Testbed and Methods
- Intel SC5200 system case;
- Intel SHG2 mainboard;
- Two Intel Xeon 2.8MHz CPUs, 400MHz FSB;
- 2x512MB PC2100 ECC Registered DDR SDRAM;
- IBM DTLA-307015 HDD;
- Onboard ATI Rage XL graphics controller;
- Windows 2000 Pro with Service Pack 4.
We used the following tests:
- WinBench 99 2.0;
- IOMeter 2003.02.15.
We created one partition for the entire capacity of the array in WinBench 99; then we ran each of WinBench tests seven times, choosing the best result.
To compare the speeds of the arrays in IOMeter, we used File Server and Web Server patterns:
These patterns help to measure the disk subsystem performance under a load typical for file and web servers.
Our own Workstation pattern created by Romanov Sergey aka GReY is based on the disk access statistics given in the StorageReview Testbed 3 description. These statistics data are gathered in the NTFS5 file system, in Office, Hi-End and Boot-up operational modes.
This pattern shows how well the controller performs in a typical Windows environment.
Lastly, we checked out the controller’s ability to process sequential read/write requests of variable size and its performance in the Database pattern, which is bombarding the disk subsystem with SQL-like requests.
Our controller had a version 3.08 BIOS and we used a version 188.8.131.52 driver. The controller was installed into a 133MHz PCI-X slot (although the controller itself only supports 66MHz PCI).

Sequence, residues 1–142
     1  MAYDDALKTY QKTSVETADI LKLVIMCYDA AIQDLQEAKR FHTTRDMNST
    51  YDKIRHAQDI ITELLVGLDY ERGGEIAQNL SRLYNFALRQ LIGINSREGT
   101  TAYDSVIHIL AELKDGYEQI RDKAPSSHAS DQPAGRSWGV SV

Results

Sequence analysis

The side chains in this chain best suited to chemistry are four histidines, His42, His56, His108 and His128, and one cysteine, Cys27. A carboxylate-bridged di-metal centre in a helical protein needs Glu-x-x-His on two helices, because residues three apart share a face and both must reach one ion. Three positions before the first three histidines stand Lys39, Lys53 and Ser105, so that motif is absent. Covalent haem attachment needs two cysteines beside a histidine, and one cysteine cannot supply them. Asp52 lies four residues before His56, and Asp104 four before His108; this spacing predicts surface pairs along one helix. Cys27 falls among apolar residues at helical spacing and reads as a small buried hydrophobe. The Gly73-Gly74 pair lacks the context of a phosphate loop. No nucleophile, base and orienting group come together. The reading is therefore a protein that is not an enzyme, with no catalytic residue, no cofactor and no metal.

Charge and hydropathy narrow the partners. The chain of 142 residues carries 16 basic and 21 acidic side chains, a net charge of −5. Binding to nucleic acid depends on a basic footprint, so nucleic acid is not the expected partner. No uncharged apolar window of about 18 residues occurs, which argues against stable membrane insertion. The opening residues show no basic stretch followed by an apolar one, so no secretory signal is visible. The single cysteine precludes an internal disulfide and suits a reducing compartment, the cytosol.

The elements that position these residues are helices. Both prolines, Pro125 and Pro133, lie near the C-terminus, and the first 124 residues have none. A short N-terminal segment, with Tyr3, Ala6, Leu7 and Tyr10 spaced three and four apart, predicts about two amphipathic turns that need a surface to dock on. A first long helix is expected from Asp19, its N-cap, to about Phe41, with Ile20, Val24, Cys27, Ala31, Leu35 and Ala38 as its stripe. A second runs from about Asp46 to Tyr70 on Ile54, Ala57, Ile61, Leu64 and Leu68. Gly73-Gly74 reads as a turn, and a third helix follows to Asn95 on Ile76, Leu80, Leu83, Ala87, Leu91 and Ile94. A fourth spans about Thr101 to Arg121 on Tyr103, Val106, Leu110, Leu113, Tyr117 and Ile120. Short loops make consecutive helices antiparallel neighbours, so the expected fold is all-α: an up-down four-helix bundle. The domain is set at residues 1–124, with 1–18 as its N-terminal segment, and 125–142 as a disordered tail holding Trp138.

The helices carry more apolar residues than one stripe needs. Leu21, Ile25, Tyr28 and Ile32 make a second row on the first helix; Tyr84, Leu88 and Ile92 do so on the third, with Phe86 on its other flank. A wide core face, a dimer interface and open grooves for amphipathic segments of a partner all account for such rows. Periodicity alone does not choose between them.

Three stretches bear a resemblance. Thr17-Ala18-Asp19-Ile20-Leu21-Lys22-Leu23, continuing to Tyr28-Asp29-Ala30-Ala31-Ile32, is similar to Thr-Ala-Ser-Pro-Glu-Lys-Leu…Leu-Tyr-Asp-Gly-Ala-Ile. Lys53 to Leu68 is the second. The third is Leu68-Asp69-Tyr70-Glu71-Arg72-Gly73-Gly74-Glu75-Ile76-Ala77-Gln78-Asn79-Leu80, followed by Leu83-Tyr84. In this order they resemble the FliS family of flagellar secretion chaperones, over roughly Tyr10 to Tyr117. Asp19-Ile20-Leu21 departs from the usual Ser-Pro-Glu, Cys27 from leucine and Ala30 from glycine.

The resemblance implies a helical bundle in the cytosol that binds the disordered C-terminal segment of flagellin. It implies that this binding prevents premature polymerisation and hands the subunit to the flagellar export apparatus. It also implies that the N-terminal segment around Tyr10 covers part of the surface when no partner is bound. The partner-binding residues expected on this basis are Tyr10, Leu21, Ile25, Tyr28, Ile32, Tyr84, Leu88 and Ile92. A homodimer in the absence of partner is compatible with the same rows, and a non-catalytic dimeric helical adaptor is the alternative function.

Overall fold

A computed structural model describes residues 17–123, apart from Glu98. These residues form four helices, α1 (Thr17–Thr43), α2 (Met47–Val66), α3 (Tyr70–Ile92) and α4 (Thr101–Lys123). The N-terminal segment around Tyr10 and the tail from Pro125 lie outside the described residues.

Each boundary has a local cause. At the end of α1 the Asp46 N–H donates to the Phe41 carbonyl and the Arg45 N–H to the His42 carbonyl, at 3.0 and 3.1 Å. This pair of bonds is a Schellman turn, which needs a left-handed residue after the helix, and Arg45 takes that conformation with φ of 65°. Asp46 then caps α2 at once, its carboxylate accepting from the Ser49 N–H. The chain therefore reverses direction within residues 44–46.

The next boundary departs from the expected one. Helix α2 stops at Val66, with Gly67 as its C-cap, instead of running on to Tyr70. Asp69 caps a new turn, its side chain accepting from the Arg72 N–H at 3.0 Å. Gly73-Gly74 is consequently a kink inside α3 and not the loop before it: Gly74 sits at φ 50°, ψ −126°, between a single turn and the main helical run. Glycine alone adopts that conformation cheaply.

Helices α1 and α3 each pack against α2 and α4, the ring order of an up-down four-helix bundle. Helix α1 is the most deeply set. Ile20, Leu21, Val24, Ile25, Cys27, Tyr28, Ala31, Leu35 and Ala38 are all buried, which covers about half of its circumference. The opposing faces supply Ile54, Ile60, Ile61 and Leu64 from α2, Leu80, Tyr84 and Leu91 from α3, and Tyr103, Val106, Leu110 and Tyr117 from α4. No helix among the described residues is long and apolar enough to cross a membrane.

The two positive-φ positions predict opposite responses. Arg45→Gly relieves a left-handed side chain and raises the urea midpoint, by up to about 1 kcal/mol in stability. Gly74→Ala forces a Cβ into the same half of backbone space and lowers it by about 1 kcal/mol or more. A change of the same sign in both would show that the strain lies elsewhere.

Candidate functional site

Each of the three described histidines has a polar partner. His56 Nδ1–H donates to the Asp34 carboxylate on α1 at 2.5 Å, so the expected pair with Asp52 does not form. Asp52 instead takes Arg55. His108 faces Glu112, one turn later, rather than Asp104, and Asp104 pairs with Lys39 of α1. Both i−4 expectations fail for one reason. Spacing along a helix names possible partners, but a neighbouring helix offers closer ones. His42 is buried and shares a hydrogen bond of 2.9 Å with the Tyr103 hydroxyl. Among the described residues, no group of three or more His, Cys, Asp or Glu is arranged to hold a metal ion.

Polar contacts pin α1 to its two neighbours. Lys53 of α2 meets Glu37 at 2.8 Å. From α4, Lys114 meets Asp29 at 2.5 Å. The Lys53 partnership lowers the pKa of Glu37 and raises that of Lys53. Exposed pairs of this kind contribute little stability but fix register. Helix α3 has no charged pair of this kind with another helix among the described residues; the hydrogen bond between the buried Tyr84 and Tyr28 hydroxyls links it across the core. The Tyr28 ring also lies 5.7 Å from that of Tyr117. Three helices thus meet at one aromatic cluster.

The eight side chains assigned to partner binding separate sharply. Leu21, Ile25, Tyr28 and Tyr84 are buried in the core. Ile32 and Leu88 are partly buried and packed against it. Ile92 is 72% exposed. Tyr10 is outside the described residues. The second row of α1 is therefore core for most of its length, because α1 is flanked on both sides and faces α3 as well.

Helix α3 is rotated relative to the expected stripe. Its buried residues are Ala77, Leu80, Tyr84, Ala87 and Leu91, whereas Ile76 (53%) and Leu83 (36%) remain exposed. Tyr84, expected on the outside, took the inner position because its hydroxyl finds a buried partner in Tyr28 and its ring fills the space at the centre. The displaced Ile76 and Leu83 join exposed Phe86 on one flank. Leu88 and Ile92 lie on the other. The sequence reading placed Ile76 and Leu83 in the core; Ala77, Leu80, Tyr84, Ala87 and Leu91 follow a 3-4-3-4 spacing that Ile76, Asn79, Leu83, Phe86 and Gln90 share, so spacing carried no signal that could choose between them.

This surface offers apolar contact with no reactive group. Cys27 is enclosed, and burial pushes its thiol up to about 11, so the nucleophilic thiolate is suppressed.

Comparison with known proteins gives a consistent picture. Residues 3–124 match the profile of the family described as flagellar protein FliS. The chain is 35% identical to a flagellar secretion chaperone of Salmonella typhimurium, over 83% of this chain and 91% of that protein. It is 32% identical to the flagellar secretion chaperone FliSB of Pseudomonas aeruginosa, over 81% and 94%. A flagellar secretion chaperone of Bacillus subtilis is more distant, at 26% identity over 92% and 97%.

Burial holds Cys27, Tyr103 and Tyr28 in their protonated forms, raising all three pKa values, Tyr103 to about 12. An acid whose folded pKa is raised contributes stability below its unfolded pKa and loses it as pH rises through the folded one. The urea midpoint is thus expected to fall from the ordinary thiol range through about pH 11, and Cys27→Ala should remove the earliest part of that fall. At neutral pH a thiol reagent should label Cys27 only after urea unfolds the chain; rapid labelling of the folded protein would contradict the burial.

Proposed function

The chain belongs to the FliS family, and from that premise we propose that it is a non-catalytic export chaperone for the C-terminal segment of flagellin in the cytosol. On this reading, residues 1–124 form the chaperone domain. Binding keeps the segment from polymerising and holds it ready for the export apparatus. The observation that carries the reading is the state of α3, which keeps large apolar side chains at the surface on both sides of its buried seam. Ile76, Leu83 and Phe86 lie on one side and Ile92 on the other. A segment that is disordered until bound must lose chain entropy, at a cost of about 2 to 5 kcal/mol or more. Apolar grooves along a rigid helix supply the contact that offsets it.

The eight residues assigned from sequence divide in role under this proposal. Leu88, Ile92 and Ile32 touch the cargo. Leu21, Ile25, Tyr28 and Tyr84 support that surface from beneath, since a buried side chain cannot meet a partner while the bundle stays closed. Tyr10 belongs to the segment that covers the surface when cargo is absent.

WD740GD (Raptor 2) hard disk drives were installed into the rails of the SC5200 system case and fastened at the bottom.
The TCQ support option is controlled through a special Windows-based utility, rather than through the controller’s BIOS. Unfortunately, the utility doesn’t allow setting each drive independently, but uses the same setup for all the attached devices. The second unpleasant thing that directly affected the number of our tests is that the utility selects “TCQ Enabled” after each system reboot, irrespective of what you’ve selected manually before. We will discuss the problem later on.
We only tested the controller with “TCQ Off” in one mode (a JBOD made of a single drive).
The controller doesn’t have its own memory (we don’t count in its 16 kilobytes of FIFO buffers), so it offers no caching-related settings. You also cannot control the deferred write mode of the attached hard disk drives. Judging by the results of the arrays, the controller doesn’t prohibit the drives’ deferred writing.